Learn how a boy's Adam's Apple develops during puberty from Jennifer Wider, M.D. in this Howcast video.
Have you noticed a lump in the middle of your throat growing during puberty? This is known as your Adam’s apple, and if you want to feel it, you can take three fingers and put it on your middle of your throat and start to talk. When you feel something moving up and down and a little bit of vibrations, you’ve located your voice box, which is protected by growing cartilage, which forms your Adam’s apple.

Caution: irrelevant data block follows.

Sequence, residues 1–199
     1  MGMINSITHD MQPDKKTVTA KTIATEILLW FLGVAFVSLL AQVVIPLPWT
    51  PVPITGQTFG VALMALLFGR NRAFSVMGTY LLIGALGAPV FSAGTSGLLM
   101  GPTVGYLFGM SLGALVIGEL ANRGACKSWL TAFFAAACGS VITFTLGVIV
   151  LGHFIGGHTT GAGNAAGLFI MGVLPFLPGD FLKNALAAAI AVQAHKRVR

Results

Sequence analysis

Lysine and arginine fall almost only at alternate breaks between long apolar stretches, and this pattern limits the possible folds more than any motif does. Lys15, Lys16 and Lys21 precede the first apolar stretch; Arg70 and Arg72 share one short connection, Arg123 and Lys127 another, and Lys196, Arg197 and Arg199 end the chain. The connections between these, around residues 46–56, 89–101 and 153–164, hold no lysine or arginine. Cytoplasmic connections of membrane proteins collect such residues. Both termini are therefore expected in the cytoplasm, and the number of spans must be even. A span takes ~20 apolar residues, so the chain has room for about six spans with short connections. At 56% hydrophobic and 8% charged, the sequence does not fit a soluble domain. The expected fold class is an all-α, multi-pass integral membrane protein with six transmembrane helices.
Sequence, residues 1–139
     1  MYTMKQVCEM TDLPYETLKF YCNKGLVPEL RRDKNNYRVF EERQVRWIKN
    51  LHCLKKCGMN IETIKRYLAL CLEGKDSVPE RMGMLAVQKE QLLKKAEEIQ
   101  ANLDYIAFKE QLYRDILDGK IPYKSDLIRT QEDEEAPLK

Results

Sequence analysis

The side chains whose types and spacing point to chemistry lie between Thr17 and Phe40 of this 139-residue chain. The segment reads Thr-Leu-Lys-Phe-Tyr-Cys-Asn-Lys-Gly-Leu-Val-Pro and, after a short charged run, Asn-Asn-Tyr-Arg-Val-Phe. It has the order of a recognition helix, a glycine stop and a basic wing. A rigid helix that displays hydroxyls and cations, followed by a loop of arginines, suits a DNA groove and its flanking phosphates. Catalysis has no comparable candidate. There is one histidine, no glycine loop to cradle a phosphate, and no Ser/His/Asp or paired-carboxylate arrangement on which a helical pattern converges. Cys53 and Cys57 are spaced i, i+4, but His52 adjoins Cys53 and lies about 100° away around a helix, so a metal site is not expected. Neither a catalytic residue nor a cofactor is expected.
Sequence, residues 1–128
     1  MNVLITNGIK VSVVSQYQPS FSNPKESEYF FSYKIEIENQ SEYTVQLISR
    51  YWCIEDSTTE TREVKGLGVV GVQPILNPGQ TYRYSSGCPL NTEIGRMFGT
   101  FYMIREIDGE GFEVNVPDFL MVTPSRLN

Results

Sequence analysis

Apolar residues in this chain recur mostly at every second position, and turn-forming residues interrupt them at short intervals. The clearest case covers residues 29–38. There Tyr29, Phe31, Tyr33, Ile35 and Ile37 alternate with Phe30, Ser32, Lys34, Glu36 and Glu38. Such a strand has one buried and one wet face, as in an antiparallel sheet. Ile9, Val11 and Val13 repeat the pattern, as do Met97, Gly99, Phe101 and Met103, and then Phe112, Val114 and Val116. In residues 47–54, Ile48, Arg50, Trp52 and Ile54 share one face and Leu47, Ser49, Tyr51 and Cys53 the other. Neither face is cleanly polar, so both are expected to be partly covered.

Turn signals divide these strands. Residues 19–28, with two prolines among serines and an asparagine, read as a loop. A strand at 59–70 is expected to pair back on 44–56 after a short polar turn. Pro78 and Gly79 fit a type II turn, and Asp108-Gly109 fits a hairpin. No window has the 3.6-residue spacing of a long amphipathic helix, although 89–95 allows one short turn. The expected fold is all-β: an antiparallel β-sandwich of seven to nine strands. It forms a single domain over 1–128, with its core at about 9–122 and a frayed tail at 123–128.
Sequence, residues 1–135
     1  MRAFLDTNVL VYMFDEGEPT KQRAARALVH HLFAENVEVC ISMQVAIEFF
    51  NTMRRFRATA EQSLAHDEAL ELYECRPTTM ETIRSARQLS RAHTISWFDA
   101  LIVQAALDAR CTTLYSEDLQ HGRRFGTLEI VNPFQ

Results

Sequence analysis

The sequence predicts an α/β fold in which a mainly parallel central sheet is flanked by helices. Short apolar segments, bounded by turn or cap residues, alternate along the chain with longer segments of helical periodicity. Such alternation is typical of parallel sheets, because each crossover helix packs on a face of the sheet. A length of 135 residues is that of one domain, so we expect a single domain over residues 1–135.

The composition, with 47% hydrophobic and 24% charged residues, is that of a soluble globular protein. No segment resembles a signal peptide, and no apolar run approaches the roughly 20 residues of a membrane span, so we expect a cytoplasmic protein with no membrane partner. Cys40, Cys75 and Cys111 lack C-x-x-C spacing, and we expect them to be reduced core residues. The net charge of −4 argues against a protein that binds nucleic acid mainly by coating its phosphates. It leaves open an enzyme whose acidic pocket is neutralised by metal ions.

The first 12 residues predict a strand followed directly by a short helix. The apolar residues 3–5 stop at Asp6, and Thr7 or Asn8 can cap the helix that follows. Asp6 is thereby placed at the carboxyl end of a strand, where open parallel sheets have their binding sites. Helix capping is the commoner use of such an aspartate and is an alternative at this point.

This is more prominent in boys usually, but girls can experience it too. You may notice it, and you may not. The cartilage actually grows during puberty when the hormones get released in your body and start to trigger changes of growth. Sometimes it triggers the change of growth in the cartilage in your throat that protect your vocal cords and your voice box. This can form an Adam’s apple, and it’s totally normal. You may notice it, you may not. You may pay attention to it, you may not. It’s all part of the normal process of puberty, and it’s there really to protect your vocal cords.